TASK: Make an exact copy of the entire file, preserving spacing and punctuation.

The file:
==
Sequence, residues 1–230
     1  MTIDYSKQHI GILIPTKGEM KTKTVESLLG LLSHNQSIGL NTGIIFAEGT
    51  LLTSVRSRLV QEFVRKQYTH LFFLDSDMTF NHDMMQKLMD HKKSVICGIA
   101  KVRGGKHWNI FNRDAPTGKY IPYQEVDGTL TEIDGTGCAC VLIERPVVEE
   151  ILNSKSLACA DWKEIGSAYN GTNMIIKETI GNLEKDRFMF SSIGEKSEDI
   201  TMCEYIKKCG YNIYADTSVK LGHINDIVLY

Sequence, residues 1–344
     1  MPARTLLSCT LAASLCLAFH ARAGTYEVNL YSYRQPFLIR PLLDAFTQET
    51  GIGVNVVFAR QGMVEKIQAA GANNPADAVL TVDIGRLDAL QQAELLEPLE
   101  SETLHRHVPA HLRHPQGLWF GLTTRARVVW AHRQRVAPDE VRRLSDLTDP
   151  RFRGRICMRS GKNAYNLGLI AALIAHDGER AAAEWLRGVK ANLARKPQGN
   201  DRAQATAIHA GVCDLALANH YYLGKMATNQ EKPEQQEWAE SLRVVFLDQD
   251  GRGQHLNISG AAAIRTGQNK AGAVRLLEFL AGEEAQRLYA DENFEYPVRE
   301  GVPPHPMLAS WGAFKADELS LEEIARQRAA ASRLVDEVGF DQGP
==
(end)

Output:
Sequence, residues 1–230
     1  MTIDYSKQHI GILIPTKGEM KTKTVESLLG LLSHNQSIGL NTGIIFAEGT
    51  LLTSVRSRLV QEFVRKQYTH LFFLDSDMTF NHDMMQKLMD HKKSVICGIA
   101  KVRGGKHWNI FNRDAPTGKY IPYQEVDGTL TEIDGTGCAC VLIERPVVEE
   151  ILNSKSLACA DWKEIGSAYN GTNMIIKETI GNLEKDRFMF SSIGEKSEDI
   201  TMCEYIKKCG YNIYADTSVK LGHINDIVLY

Sequence, residues 1–344
     1  MPARTLLSCT LAASLCLAFH ARAGTYEVNL YSYRQPFLIR PLLDAFTQET
    51  GIGVNVVFAR QGMVEKIQAA GANNPADAVL TVDIGRLDAL QQAELLEPLE
   101  SETLHRHVPA HLRHPQGLWF GLTTRARVVW AHRQRVAPDE VRRLSDLTDP
   151  RFRGRICMRS GKNAYNLGLI AALIAHDGER AAAEWLRGVK ANLARKPQGN
   201  DRAQATAIHA GVCDLALANH YYLGKMATNQ EKPEQQEWAE SLRVVFLDQD
   251  GRGQHLNISG AAAIRTGQNK AGAVRLLEFL AGEEAQRLYA DENFEYPVRE
   301  GVPPHPMLAS WGAFKADELS LEEIARQRAA ASRLVDEVGF DQGP